For many of us growing up—and still learning our own native language as grown-ups, the first “foreign” languages we learn are the ones that result from mimicking animal sounds. For example, we learn that the cow goes “moo” and the pig goes “oink.” But did you know that in different languages and cultures, animal sounds may differ from our own?
Some animal sounds do seem pretty universal, such as a cat’s meow (maiu in German, maiv in Danish, mijav in Turkish) except in Japanese, where it is nyan. (This explains the name of the Internet phenomenon, Nyan Cat.) However if you take a look at the translations of a cat’s purr we got some variations. In French it is ronron and in Hungarian it’s doromb.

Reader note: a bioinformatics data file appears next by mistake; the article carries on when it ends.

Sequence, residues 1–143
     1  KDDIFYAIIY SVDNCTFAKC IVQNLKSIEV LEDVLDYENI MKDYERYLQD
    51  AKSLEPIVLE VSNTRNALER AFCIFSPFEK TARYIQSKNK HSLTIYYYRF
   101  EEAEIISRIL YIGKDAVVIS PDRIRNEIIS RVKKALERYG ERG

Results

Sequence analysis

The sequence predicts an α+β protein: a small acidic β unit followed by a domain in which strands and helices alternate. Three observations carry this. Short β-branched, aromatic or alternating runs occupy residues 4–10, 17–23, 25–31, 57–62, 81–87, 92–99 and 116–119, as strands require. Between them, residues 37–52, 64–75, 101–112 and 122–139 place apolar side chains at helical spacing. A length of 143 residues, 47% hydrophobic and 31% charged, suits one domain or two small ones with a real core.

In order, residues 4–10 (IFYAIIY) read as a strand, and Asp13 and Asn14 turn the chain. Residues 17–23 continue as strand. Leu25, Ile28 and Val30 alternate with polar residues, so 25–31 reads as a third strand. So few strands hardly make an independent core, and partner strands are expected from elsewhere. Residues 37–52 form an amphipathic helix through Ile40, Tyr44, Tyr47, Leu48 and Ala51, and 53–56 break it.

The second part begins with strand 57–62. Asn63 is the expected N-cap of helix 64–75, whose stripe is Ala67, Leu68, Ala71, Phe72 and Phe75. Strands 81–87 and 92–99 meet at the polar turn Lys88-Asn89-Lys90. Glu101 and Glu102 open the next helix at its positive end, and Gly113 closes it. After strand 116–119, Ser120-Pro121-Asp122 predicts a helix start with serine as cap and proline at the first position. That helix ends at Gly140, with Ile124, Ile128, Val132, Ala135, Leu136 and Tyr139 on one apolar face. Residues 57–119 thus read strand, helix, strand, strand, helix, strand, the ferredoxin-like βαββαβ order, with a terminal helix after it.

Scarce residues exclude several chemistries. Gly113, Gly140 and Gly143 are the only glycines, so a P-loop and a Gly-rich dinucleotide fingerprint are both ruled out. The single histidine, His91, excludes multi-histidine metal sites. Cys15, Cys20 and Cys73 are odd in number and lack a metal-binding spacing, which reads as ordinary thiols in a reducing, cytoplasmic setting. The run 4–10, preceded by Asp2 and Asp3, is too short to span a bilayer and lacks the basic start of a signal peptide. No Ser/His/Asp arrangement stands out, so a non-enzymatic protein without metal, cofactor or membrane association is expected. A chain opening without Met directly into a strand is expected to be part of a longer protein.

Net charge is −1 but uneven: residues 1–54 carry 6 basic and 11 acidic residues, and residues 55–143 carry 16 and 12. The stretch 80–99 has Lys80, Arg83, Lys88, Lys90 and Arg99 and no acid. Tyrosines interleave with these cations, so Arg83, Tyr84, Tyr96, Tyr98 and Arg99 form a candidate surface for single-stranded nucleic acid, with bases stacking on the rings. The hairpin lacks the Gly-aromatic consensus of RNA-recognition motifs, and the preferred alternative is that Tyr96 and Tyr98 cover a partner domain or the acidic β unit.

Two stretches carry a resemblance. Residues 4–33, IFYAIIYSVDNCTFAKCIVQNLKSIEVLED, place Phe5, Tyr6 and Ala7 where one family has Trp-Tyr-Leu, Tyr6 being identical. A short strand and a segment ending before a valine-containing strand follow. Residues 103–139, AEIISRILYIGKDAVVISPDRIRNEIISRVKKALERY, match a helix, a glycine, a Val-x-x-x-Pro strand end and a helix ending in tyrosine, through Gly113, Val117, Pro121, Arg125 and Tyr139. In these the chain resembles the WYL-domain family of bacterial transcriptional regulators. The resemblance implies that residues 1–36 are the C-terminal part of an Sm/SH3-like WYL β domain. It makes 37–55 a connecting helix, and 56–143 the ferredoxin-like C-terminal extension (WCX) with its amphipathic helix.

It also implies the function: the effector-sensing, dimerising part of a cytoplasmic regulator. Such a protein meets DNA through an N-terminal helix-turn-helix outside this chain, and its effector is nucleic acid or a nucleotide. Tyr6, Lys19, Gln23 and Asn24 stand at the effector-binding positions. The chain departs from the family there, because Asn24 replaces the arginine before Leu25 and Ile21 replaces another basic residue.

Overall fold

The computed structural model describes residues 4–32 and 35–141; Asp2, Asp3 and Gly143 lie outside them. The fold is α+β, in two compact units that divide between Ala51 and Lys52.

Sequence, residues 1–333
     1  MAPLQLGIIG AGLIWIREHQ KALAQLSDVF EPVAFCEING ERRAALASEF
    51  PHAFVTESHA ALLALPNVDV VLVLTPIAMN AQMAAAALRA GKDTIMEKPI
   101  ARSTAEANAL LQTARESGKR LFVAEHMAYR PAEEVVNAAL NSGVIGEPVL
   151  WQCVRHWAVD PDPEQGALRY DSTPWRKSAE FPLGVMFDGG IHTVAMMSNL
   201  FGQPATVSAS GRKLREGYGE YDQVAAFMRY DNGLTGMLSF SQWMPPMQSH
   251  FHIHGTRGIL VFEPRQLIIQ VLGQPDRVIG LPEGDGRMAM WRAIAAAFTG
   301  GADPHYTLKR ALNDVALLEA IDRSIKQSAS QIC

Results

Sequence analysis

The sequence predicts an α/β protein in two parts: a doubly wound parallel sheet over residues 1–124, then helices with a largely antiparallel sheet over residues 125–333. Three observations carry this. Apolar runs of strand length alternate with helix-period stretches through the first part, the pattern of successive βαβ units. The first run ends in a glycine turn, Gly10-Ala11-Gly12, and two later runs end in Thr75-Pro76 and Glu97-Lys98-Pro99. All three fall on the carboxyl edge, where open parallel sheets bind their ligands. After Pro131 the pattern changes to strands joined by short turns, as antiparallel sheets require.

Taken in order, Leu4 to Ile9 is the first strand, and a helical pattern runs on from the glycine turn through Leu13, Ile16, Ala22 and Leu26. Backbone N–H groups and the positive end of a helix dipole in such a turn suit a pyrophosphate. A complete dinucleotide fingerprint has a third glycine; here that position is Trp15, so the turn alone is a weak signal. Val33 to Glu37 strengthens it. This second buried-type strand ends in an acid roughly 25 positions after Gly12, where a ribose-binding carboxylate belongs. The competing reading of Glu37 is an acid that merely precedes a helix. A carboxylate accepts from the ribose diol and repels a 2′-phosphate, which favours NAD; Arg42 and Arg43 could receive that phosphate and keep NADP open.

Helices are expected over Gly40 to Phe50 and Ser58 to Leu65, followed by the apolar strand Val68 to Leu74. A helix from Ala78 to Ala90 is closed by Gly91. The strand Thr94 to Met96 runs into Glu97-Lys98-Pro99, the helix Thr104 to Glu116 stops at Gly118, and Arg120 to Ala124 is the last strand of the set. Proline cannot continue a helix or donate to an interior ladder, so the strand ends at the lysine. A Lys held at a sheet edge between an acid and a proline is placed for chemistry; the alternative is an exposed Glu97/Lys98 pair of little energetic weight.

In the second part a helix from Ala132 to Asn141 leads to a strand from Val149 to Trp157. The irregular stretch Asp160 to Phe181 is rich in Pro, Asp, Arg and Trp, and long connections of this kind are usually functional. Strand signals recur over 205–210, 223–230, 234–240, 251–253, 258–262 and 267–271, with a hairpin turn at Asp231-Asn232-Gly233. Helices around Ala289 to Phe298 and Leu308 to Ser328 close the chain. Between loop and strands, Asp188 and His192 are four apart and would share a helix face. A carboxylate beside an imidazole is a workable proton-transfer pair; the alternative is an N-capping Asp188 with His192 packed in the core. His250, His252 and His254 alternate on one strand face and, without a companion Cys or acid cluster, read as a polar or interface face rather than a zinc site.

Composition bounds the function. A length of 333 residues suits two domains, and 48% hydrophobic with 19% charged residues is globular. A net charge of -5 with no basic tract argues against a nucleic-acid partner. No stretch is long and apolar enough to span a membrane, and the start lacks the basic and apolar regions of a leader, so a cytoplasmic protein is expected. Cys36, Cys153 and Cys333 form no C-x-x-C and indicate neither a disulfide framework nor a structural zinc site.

Here’s a look at some of the animal sounds around the world:
|Bird||cheep cheep/ tweet||cui cui||tschiwitt||pii pii||pío pío||juyk juyk|
|Cow||moo||meuh||moo||mau mau||muu/ mee||mooo|
|Dog||woof woof / ruff ruff||ouah ouah||gav gav||wan wan||guav||hauv hauv|
|Frog||croak/ ribbit||croa croa||quak-quak||kero kero||croac croac||vrak vrak|
|Pig||oink||groin groin||boo boo||oink/oinc|
|Sheep||baa||bêê||mae-ee||meh meh||bee bee||maeh maeh|
It just goes to show even animal sounds are not universal. So make sure to keep this in mind for your next translation. Get a free quote from Trusted Translations today!